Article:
CSI Review of New Descriptive Study on Added Sugars in Packaged Foods and Beverages at a Major Canadian Retailer
On January 12, 2017, researchers from Public Health Ontario and University of Waterloo published a descriptive analysis of added sugars in packaged foods and beverages available at one major Canadian grocery chain. Upon review of the paper, the nutrition professionals at the Canadian Sugar Institute Nutrition Information Service issued the following statement, which was included in articles and television news segments by CTV News and Global News.
The Canadian Sugar Institute welcomes and reviews new research information related to sugars and health.
It is important to point out that this particular study, “Added sugar in the packaged foods and beverages available at a major Canadian retailer in 2015: a descriptive analysis” has a number of limitations:
- The study only offers a description of what packaged foods are available in one major grocery store chain. It is not reflective of the amount of packaged goods actually purchased; in fact, only 58% of the products analyzed in this study were actually sold during the study period.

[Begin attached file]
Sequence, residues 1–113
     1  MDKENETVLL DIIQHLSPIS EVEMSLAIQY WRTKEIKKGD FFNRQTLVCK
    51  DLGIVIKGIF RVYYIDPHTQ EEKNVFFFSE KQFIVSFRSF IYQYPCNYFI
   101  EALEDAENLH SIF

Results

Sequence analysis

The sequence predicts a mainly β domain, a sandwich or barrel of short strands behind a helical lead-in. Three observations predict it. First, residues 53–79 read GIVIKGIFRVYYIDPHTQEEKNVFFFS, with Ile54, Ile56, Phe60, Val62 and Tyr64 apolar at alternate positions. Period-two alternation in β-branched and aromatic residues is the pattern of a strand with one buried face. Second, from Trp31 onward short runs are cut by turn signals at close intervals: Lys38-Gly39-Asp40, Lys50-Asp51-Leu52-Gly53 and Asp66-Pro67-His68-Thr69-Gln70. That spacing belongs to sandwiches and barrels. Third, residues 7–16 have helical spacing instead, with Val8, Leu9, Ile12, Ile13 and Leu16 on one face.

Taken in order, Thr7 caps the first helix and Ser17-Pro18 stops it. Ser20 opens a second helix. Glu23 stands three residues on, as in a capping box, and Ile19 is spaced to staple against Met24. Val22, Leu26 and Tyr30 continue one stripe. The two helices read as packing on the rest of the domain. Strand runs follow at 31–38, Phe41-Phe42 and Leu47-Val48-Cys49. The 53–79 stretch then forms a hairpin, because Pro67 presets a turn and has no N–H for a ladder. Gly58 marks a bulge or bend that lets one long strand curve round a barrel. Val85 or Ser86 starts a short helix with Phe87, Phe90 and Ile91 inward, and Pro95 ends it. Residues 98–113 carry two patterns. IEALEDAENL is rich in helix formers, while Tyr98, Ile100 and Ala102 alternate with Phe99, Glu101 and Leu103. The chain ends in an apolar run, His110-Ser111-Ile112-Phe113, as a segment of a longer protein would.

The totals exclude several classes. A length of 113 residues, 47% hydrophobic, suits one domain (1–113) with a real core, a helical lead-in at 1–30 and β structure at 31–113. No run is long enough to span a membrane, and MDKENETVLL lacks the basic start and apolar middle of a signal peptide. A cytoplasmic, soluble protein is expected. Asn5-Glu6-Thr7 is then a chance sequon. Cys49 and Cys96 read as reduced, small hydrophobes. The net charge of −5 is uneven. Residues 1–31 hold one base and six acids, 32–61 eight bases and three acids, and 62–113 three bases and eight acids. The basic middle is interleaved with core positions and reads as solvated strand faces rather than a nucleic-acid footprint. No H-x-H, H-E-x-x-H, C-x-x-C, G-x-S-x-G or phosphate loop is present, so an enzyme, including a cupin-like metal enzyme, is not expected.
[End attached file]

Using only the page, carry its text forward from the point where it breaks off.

- Because the study is limited to pre-packaged foods, it is not reflective of all foods sold in the grocery store, such as fresh fruits and vegetables, meats, raw ingredients, bulk foods, bakery items, etc.
- The study does not provide information on the wide range of food choices Canadians make beyond grocery stores, such as in local stores, restaurants and farmers’ markets, and is not reflective of the type and quantity of foods they actually consume.
The best available evidence shows that on average, Canadians consume about 11% of their daily energy from all sources of added sugars, which is close to the World Health Organization 10% guideline. Also, Statistics Canada data shows that Canadian availability of added sugars from all sources in the food supply has declined by 17% over the past three decades. Canadian intakes of added sugars are about 1/3 less than that in the United States.
Health Canada’s recent nutrition labelling regulations will help consumers better identify the sources of sugars added to foods by grouping them in the list of ingredients.
Eating a variety of foods from all four food groups (this includes fruits and vegetables, fibre-rich grain products, lean meats and alternatives, and milk products), managing portion sizes, moderation in overall food intake, and engaging in regular physical activity continue to be key steps in achieving and maintaining a healthy lifestyle.